Quincy Septr. 15th 18010
My dear Madam
If I had known the Messenger who left the Letter from your Neice, communicating to me the death of your beloved Husband, would have called upon his return, I should not have delayed. to have assurd you how sincerely I feel your Sorrow, or how pathetically I mourn our own loss. For to your dear departed Friend, we have reason to say, blessed are the dead who die in the Lord.
To feel and estimate your loss aright my dear Friend, is to have known how blessed you were in each other, how cordially your hearts were united, and how intimately your joys and Sorrows were blended, how much you were to each other, “all that lavish Hearts could wish.
The stroke which has severed these bonds, must sink deeper into your Bosom, and calls forth the sympathizing tears of your Friend. whilst I can rejoice that your Dear Husband, who had lived, as a just Man, and an upright judge—is released from those increasing infirmities which years were accumulating upon him and the period was fast approaching.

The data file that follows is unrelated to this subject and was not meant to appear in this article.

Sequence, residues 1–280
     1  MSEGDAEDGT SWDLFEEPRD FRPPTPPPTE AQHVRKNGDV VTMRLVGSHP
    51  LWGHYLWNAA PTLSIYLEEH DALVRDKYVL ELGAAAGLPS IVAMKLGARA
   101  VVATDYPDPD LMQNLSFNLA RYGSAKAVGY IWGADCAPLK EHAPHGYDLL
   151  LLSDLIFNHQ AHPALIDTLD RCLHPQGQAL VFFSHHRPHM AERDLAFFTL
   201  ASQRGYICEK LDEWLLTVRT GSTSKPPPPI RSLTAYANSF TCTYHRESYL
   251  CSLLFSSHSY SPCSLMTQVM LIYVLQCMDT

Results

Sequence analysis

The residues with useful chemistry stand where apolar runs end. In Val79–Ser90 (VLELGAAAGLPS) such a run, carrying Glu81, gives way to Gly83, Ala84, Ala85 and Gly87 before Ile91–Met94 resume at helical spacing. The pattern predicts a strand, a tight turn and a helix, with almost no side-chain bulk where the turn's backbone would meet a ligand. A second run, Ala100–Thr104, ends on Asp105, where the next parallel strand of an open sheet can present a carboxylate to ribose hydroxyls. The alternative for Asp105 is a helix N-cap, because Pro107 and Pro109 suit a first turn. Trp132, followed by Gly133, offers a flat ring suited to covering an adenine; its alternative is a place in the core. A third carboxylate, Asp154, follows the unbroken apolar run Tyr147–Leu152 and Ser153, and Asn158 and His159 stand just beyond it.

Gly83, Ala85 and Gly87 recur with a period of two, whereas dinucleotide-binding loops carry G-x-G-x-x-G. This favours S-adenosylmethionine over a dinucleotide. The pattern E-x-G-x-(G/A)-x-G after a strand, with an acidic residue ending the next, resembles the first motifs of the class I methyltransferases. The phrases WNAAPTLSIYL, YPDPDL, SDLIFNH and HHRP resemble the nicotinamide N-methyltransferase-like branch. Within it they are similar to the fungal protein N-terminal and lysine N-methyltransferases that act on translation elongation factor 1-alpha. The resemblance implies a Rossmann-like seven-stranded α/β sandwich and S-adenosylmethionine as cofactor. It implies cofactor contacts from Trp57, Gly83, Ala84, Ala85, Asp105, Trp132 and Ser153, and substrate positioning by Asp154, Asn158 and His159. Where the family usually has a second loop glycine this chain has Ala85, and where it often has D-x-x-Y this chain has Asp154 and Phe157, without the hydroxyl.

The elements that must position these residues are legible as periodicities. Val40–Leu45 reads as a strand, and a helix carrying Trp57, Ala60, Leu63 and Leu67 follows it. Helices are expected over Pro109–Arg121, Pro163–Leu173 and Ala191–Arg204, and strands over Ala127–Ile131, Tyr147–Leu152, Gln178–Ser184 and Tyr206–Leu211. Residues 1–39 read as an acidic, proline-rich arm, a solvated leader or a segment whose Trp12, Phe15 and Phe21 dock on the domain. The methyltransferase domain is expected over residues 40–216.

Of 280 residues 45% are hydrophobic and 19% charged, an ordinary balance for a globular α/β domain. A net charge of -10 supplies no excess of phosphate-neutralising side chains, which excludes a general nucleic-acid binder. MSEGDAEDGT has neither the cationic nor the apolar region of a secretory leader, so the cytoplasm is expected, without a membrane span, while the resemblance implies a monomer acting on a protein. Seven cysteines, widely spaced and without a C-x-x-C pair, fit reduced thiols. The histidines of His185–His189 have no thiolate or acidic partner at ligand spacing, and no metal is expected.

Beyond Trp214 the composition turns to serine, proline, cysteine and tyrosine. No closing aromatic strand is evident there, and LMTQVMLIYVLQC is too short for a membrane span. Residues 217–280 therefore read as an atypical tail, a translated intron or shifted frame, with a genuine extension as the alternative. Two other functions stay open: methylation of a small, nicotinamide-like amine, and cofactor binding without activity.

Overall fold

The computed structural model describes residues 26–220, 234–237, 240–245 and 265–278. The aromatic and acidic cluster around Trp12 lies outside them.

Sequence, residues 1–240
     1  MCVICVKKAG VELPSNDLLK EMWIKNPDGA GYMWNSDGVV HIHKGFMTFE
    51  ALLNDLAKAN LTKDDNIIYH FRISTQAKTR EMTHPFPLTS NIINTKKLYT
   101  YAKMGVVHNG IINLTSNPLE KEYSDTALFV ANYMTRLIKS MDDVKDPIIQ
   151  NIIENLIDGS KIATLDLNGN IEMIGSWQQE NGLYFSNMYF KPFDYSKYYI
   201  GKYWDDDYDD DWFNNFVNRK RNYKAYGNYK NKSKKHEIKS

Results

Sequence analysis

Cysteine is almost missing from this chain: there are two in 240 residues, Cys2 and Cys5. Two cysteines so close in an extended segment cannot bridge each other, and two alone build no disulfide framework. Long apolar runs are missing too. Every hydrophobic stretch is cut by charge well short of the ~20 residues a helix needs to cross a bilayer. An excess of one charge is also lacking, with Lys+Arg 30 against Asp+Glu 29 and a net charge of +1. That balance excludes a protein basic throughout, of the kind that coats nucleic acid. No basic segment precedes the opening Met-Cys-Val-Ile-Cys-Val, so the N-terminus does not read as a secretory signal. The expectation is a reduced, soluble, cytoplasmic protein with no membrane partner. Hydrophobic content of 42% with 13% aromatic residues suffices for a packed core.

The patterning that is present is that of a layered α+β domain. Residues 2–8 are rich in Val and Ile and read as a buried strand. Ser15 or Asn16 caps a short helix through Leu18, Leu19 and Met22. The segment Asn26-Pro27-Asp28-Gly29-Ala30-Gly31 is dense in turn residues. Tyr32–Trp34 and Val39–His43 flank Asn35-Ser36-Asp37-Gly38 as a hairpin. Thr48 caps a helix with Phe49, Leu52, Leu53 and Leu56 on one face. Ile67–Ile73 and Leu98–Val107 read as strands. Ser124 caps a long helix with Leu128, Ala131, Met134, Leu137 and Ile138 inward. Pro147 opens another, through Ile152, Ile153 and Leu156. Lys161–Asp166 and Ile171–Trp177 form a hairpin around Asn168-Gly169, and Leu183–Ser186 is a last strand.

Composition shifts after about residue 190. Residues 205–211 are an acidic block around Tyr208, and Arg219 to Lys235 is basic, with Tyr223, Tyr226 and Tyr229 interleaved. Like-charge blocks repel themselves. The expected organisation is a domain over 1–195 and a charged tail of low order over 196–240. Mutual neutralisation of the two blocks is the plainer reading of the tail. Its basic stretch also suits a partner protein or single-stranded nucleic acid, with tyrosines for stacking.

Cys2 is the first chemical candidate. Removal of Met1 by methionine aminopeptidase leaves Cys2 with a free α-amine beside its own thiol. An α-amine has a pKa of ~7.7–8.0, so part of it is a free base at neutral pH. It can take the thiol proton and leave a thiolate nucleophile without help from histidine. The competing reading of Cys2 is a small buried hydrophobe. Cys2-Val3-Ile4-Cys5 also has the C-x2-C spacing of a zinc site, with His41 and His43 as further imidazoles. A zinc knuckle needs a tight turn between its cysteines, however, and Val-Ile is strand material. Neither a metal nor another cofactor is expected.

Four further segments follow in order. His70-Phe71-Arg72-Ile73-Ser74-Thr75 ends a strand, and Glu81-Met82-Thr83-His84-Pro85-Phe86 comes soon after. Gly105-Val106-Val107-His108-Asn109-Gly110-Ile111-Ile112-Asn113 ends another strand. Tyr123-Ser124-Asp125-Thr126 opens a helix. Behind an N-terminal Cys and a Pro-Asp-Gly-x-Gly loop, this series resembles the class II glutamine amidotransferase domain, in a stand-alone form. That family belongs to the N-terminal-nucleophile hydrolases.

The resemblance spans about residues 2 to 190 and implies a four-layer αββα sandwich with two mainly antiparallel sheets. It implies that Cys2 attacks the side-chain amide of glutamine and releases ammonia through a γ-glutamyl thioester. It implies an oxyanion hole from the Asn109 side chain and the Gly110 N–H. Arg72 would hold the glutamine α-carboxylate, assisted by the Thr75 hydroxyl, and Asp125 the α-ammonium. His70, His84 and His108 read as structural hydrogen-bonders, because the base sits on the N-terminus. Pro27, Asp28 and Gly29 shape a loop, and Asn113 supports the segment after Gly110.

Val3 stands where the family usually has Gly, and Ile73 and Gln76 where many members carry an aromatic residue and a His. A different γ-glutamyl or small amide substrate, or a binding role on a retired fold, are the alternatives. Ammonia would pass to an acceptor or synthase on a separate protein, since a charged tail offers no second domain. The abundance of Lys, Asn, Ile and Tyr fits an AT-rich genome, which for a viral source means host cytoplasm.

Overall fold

“When like a thrice told tale
And that of no great Moment or delight
Long-rifled Life of sweet can yeald no more”
When it is painfull to behold the powers of the Body, and the noble faculties of the mind Sinking into apathy—
of Age the Glory is to wish to die
That wish is praise and promise. It applauds
past Life, and promises our future bliss.
of that bliss you have every well grounded hope which Religion inspires, as your solace your consolation and your anchor
Unto that Being who hath promised to be the support of the Widow I commit you my dear Friend in this hour of your affliction, and offer up my prayer that you may be sustaind by that Religion to which your Life has been an ornament, and by the consciousness of a Faithfull unwearied and punctual discharge of every relative Duty. That I may be enabled to imitate your vitues is the sincere and ardent wish of Your Sympathizing Friend
MHi: Adams Papers.